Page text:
Morgan Stanley economist Robin Xing said on Wednesday China will have a bigger room for countercyclical adjustments to stabilize the economy as there have been more favorable factors at home and abroad.
From the global perspective, central banks have started to take a more dovish monetary stance, in particular, the U.S. Federal Reserve turning more prudent and patient about interest rate hikes, which gives more leeway for policies of the emerging markets including China, Xing said at a press briefing.
The external circumstance for China's foreign trade is expected to improve, and the Chinese yuan has appreciated against a basket of currencies, he said, predicting the yuan will continue the strong trend in 2019 and 2020.
Domestically, inflation remained tame, which means ample room for monetary measures, Xing said.
The consumer price index rose 1.7 percent year on year in January, while the producer price index edged up 0.1 percent, according to the National Bureau of Statistics.
The favorable conditions allow Chinese policymakers to step up pro-growth efforts to fend off short-term economic volatility, with measures including further tax breaks and stronger financial support for the real economy, Xing said.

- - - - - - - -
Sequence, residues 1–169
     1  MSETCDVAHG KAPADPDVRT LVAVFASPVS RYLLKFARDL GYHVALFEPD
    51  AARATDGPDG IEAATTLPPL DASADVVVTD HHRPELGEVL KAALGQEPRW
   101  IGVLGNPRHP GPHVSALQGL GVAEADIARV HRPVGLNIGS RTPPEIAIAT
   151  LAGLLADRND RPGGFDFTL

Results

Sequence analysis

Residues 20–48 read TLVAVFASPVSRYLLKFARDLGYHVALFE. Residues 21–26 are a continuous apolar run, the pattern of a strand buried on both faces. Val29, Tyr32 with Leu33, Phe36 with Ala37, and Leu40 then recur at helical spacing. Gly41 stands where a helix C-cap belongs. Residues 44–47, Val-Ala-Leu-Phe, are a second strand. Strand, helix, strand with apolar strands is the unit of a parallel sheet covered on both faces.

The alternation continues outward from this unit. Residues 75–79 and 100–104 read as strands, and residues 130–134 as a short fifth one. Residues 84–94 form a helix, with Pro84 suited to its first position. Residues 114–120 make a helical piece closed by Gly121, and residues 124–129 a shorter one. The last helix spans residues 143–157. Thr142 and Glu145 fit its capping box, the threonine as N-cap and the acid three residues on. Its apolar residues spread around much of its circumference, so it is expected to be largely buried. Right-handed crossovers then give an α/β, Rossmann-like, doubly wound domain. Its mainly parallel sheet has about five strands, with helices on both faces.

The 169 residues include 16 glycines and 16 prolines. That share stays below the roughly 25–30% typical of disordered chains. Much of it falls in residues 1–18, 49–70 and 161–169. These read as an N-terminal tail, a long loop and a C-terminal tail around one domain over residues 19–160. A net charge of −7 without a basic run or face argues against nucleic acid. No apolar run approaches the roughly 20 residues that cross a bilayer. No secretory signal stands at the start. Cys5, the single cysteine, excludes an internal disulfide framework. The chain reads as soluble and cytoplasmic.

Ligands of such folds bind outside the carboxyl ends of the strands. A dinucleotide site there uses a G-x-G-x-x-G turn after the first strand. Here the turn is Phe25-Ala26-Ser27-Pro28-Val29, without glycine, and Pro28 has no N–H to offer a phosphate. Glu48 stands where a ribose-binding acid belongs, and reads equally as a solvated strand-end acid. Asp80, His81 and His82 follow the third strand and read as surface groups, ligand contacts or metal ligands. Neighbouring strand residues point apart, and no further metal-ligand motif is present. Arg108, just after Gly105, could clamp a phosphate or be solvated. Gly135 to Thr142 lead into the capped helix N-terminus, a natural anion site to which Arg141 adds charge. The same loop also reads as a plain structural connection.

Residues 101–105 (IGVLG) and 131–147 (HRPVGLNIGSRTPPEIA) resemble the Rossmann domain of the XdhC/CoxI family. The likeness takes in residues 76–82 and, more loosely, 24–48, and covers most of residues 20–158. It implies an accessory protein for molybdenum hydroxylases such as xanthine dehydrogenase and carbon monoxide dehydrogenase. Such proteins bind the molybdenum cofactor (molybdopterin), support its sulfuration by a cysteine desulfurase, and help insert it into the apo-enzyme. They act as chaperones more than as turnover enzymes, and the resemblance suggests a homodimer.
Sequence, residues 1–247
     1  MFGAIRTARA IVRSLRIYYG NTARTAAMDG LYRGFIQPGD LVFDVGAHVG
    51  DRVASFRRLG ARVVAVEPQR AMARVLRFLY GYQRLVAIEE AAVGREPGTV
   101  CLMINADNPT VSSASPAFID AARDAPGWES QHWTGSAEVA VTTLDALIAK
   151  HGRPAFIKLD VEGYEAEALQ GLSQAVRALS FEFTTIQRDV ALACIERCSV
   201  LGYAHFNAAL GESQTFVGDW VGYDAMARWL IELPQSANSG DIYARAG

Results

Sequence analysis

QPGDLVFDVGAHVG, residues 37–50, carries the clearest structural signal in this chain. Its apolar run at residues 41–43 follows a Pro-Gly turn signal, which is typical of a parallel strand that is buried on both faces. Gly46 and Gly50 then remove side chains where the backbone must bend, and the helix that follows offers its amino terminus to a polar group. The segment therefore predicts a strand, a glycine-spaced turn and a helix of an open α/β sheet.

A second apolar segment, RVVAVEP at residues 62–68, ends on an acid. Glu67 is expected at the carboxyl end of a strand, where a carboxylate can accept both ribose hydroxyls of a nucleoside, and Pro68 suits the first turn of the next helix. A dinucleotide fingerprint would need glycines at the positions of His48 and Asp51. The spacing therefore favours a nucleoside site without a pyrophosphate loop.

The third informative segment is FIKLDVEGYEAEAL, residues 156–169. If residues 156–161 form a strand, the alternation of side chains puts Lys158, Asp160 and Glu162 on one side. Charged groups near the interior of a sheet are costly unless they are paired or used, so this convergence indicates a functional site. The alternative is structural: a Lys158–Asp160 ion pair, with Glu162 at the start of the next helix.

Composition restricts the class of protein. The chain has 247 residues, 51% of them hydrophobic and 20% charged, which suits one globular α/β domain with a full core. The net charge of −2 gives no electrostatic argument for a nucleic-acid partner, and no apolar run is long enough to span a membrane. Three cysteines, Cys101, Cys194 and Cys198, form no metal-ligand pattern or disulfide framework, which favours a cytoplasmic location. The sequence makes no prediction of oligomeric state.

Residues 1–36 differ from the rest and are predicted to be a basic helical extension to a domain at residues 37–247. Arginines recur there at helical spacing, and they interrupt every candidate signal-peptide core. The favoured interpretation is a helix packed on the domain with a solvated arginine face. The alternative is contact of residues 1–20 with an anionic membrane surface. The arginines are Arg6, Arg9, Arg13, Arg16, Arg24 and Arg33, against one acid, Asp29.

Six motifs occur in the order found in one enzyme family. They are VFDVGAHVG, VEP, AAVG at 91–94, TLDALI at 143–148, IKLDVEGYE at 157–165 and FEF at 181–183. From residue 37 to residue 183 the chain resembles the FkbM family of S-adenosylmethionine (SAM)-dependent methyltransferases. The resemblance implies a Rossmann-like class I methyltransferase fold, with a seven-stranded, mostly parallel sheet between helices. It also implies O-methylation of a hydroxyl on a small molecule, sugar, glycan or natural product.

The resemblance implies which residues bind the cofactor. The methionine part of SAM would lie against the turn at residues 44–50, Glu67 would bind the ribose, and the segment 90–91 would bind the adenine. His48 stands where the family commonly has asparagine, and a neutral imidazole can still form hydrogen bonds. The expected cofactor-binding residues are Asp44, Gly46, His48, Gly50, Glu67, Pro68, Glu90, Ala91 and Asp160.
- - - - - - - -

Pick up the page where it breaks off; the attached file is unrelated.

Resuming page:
Thanks to an easier financing environment, China's infrastructure investment growth will likely stabilize in March and April, and medium- to long-term bank loans to private enterprises may recover in the second to third quarters, Xing said.
With all of the measures in place, China's GDP growth will hopefully bottom out after Q2, Xing said.
While optimistic about the short-term performance of the economy, Xing also remained confident about the sustainability backed by steady structural reforms and wider opening-up.
In the long run, China's supply-side structural reform will boost the total factor productivity, which is likely to return to the robust growth seen before the global financial crisis a decade ago, Xing said.